Colin Pitchfork anti-release petition nears 16,000 signatures

  • Published
Rebecca Eastwood
Image caption,
Rebecca Eastwood said the family would keep fighting to see Colin Pitchfork stay in prison

A woman who launched a petition opposing the possible release of a child murderer says she has had a "phenomenal" response.

Colin Pitchfork was the first person to be convicted using DNA profiling for killing Leicestershire schoolgirls Lynda Mann and Dawn Ashworth, both 15.

The Parole Board will review his case in September as he nears the end of a 28-year minimum term on his sentence.

Lynda's sister, Rebecca Eastwood, has now gathered almost 16,000 signatures.

Ms Eastwood, from Liverpool, was two years old when her sister was murdered by Pitchfork in 1983.

She said: "It's really difficult having to relive the stories and see his picture on the petition, but I think the sadness and anger is bringing a determination to get this petition done and hopefully win our fight to keep him where he is."

Image caption,
Colin Pitchfork was the first person to be convicted using DNA testing in 1988

More than 13,200 people have signed the online petition with a further 2,500 signatures collected on paper.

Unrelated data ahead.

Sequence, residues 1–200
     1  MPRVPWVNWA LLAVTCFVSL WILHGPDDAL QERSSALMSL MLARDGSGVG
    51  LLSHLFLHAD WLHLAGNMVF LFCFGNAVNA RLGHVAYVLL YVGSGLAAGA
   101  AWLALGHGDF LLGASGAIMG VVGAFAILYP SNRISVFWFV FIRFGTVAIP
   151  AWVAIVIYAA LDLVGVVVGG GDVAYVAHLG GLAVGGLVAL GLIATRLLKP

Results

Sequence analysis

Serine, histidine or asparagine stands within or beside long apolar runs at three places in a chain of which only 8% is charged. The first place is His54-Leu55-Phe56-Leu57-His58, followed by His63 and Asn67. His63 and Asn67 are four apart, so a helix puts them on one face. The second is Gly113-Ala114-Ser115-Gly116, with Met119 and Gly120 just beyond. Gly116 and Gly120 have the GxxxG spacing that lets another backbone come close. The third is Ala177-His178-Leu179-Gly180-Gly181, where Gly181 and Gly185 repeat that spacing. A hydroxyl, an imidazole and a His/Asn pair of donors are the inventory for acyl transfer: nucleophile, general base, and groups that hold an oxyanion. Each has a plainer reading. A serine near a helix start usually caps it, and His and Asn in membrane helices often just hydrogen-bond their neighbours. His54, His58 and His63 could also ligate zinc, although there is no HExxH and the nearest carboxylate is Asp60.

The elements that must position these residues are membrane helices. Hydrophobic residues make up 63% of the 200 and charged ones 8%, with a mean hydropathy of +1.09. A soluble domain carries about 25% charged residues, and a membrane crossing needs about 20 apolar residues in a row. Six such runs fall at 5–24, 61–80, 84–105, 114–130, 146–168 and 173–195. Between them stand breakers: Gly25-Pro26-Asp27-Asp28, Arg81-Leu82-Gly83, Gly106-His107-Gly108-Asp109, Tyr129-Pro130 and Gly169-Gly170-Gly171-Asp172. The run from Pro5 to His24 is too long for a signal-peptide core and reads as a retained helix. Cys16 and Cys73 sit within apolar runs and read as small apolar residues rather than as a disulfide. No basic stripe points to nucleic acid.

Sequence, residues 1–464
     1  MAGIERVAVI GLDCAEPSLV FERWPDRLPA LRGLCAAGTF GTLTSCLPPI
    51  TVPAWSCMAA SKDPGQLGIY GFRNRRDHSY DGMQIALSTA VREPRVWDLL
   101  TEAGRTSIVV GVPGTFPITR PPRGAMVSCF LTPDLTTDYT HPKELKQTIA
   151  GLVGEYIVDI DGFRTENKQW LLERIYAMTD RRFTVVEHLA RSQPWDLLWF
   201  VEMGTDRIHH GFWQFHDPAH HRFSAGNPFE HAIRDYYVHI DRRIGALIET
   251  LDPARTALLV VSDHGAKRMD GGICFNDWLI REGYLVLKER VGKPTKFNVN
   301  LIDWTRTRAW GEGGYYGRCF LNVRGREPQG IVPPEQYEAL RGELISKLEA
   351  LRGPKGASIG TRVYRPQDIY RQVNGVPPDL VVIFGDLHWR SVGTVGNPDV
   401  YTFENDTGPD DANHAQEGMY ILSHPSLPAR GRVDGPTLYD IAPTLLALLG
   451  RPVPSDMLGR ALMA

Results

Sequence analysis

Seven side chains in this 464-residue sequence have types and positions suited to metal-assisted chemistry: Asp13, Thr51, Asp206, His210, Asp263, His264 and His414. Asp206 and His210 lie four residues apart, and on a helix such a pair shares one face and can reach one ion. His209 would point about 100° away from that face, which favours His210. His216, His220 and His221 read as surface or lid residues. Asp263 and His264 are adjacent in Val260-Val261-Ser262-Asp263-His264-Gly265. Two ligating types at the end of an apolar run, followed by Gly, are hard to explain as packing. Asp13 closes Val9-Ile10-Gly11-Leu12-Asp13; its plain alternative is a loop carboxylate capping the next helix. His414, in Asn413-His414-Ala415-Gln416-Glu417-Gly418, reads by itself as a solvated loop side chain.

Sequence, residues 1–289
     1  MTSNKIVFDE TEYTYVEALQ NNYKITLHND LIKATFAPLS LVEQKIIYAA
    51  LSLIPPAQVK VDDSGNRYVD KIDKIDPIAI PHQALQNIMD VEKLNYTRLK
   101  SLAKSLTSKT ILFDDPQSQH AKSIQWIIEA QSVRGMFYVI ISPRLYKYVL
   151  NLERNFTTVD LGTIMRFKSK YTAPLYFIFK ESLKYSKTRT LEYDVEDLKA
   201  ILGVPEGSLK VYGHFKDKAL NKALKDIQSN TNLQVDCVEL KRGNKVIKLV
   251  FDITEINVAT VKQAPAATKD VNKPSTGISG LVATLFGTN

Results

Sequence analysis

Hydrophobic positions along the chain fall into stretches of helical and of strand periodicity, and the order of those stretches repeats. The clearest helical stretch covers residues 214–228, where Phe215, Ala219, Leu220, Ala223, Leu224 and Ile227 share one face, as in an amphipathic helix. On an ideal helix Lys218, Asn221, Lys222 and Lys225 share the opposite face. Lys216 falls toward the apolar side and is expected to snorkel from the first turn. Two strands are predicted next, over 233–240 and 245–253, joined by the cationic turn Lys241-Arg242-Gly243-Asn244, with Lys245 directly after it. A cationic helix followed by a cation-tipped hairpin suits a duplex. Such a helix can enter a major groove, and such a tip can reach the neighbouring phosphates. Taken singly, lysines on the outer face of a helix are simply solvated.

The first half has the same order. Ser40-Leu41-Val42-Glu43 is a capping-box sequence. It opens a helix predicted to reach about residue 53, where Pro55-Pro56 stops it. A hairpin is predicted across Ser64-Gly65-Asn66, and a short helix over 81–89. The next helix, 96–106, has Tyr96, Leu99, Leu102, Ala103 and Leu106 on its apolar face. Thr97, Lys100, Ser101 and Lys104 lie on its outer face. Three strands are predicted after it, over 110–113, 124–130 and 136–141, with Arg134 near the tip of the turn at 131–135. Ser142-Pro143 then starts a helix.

Pitchfork, now 55, was jailed for life in 1988 after he admitted two charges of murder, two of rape, two of indecent assault and one offence of conspiracy to pervert the course of justice.

Lynda was killed in Narborough in 1983 while Dawn, from Enderby, was murdered three years later.

The Parole Board said he had made progress in prison and could either be released or transferred to an open prison later this year.

"I have heard he has a glowing record and has never been on report while he's been in prison, but it's not very hard to be well behaved when you are locked up," said Ms Eastwood.

"I do think he's a threat to the public and I don't think what he's done could ever be fixed. He's a very calculating killer and he shouldn't be free."

Mrs Eastwood is hoping to send the petition to the Parole Board along with statements from the families of Pitchfork's victims.

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